The question is whether we will accept the evolution of Homo sapiens towards Homo cyber. Technology offers great opportunities. At the same time, however, if we look at it only through the prism of its monetization, it may obscure the rest - security and ethics. And then it may turn out that we are really not prepared for the new technology and it may lead us, not exactly where we want to be.
PAP: So how do you deal with potential threats?
K.-S .: First of all, we must remember that technologies are neutral in nature. It is we who give them some meaning, we decide whether to use them for noble purposes for human development or against it. Therefore, it is up to us whether we can view technology as a kind of tool, a means of increasing our potential.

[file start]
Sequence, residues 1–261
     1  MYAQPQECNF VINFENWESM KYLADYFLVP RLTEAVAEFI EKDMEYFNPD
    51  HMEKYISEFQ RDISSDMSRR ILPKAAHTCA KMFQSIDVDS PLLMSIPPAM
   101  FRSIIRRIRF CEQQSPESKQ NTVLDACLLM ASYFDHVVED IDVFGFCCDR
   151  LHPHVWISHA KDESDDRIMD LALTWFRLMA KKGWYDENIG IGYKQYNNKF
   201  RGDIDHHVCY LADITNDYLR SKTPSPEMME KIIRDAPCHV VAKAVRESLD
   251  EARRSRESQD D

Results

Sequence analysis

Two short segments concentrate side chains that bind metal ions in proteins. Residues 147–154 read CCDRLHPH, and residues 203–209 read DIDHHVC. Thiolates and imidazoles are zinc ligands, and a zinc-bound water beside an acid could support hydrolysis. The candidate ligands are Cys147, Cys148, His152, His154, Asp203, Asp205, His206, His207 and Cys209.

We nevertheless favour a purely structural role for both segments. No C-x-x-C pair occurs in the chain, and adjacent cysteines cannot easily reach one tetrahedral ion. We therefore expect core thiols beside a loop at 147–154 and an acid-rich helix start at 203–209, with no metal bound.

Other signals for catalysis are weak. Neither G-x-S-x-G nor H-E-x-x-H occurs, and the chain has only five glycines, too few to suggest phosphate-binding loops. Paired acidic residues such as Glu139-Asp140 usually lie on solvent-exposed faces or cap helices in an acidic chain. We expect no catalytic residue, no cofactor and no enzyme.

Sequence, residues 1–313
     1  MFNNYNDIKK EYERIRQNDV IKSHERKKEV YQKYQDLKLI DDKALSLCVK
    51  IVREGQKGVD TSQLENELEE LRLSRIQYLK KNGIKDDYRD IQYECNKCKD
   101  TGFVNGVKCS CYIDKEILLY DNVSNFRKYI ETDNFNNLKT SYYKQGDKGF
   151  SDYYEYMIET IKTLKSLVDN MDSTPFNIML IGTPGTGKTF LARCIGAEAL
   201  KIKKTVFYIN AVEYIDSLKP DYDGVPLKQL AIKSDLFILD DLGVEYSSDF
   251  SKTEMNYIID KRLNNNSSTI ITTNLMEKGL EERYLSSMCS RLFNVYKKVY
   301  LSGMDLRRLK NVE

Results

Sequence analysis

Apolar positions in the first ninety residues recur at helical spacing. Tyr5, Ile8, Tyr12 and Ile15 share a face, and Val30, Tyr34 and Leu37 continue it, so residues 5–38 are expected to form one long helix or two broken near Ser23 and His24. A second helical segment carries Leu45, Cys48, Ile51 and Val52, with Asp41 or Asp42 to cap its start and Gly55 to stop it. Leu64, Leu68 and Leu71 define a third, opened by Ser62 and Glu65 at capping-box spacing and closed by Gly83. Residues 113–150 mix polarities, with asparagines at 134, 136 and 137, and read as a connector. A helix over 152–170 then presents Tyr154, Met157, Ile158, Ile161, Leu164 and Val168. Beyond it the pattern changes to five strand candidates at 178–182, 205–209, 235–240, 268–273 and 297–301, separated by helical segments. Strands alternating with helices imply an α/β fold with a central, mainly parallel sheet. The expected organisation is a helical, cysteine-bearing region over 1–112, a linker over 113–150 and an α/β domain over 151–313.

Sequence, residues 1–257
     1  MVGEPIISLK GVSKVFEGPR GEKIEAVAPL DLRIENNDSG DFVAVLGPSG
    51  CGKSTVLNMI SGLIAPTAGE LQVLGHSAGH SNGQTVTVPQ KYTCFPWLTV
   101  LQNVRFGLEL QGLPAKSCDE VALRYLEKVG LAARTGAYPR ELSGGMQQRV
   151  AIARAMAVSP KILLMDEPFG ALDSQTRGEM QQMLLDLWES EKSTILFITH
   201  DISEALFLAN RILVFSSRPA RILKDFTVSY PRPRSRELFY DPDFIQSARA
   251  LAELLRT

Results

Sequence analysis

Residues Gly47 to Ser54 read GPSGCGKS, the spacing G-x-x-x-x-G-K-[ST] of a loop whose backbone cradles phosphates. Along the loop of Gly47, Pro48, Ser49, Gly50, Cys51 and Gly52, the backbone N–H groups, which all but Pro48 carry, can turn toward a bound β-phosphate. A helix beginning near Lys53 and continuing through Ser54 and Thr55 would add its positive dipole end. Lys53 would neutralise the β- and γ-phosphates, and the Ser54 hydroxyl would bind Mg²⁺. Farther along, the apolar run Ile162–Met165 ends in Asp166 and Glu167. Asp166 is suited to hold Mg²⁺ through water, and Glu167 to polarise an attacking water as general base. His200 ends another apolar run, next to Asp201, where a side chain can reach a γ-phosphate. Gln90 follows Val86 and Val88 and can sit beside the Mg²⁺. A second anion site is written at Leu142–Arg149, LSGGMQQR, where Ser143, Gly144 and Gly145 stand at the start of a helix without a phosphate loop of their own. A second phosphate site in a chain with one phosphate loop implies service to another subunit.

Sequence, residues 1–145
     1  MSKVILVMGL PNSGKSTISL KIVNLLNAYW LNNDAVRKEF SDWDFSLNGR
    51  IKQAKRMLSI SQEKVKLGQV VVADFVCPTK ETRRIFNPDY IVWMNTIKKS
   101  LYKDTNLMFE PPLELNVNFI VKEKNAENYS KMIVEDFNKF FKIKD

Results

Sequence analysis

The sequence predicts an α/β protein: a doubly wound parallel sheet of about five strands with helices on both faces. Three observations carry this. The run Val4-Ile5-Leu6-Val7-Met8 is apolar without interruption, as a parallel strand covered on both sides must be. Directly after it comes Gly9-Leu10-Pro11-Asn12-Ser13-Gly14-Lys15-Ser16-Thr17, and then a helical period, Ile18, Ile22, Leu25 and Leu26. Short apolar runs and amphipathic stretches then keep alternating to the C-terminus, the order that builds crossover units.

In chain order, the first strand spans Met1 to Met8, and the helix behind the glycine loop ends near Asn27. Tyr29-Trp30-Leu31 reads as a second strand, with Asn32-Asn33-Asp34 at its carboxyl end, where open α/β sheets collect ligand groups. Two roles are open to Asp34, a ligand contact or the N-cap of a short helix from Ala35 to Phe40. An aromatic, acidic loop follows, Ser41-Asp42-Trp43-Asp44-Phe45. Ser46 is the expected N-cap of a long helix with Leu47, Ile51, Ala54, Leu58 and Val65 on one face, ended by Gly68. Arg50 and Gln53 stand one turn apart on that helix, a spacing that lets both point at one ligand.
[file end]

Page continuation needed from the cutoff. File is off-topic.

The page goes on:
PAP: So we need moral and ethical development?
K.-S .: We also need various legislative solutions that will determine the possibilities of using technology, including chips, so that humans still play the leading role. Looking through the prism of the documents that are being created today, for example in the context of artificial intelligence, it can be seen that, on the one hand, a lot of care is taken that man actually performs this superior function in the entire ecosystem of interconnected technologies, and on the other hand, that these the technologies were transparent and understandable, they did not resemble the kind of black boxes in which it is not known why something works the way it is.
PAP: The only question is whether the technology, which is developing at an exponential pace, will not exceed ethical, moral or even legal development?
K.-S .: This has already happened in many areas, and it is technology that becomes a catalyst for changes, e.g. in legal, economic or socio-cultural ones. The rational approach to technology allows us to choose the right solutions so as not to exceed a certain limit, a certain Rubicon, because then it may turn out that we have taken a step too far and it is already a bit difficult to come back.
Interviewed by Marek Matacz (PAP)